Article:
Six Questions with Story Unlikely

There's an excellent blog post at Six Questions about this publication and its creator, Danny Hankner. I've just become a Story Unlikely reader and would like to submit there. What I particularly like about what Hankner is doing is his recognition of the social or political trends that can impede a work's path to publication. There's plenty of room for that kind of publishing, of course, but Hankner is carving out a different place that I'm drawn to. This seems, to me, really unique also: SQF: What one question on this topic do you wish I'd asked that I didn't? And how would you answer it? DH; “Why is Story Unlikely ’s byline, “real people, real places, real stories (and plenty of fiction, too).”

Although we publish all styles and genres, we feel there’s a real absence in the market for true stories – call it narrative nonfiction, memoir, etc.  There’s something special about stories that really happened; not only have we felt this connection, but the big

The Road Home, Jim Harrison

I haven't read all the work, but I am slowly reading it. I have a lot of thoughts on Harrison and appreciation for him, especially as a Michigan writer, one of my state's and region's leading voices (I also admire Bonnie Jo Campbell). I tend to think of Harrison as a religious writer, whose characters tend to use existing religions as their platform but then plunge into natural and personal symbolism, and experience, including the personal and historical, to create and/or constantly reinvent their own religion, obeying a basic religious impulse to sort themselves and their world into the categorical or recognizable. Here's I think a telling representative paragraph, from The Road Home (which does not take place in Michigan but Nebraska): That thought jogged my mind and when I got home I looked in a journal for my recollection of what Rosenthal had said during our picnic years ago. It had been occasioned by my telling him a story about when I was seven years old, in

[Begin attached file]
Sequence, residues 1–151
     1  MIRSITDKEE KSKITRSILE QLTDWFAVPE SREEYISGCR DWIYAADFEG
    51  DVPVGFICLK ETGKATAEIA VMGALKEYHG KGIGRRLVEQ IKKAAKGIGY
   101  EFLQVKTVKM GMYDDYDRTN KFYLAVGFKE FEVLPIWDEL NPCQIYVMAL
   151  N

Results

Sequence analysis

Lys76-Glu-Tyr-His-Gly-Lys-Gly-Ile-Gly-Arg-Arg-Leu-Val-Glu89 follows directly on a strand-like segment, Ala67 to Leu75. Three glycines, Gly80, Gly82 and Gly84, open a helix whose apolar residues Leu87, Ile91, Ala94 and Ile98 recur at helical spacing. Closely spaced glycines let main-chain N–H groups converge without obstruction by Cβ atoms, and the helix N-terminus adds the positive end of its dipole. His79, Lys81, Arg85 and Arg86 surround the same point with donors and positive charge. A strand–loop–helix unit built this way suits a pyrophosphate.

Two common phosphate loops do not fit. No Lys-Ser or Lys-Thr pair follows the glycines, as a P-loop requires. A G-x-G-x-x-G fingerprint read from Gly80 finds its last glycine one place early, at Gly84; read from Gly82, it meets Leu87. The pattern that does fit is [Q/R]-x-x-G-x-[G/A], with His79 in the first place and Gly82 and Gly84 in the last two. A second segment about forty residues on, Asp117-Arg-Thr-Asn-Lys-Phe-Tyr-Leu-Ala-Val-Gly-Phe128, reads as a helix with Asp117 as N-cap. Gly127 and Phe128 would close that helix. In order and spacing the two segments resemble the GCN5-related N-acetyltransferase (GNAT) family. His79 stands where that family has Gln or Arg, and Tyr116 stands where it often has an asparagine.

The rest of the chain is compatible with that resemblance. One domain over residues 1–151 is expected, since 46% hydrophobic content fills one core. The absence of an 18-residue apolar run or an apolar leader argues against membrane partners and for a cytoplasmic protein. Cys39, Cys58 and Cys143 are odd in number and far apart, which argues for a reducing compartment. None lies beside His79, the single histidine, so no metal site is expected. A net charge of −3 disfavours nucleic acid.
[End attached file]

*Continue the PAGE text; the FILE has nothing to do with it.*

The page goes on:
John Updike, "In Football Season," "Leaves"

Do you remember a fragrance girls acquire in autumn? As you walk beside them after school, they tighten their arms about their books and bend their heads forward to give a more flattering attention to your words and in the little intimate area thus formed, carved into the clear air by an implicit crescent, there is a complex fragrance woven of tobacco, powder, lipstick, rinsed hair, and that perhaps imaginary and certainly elusive scent that wool, whether in the lapels of a jacket or the nap of a sweater, seems to yield when the cloudless fall sky like the blue bell of a vacuum lifts toward itself the glad exhalations of all things. This fragrance, so faint and flirtatious on those afternoon walks through the dry leaves, would be banked a thousandfold and lie heavy as the perfume of a flower shop on the dark slope of the stadium when, Friday nights, we played football in the city. Sometimes I just read John Updike the way I watch birds land on water. How about this, from a story called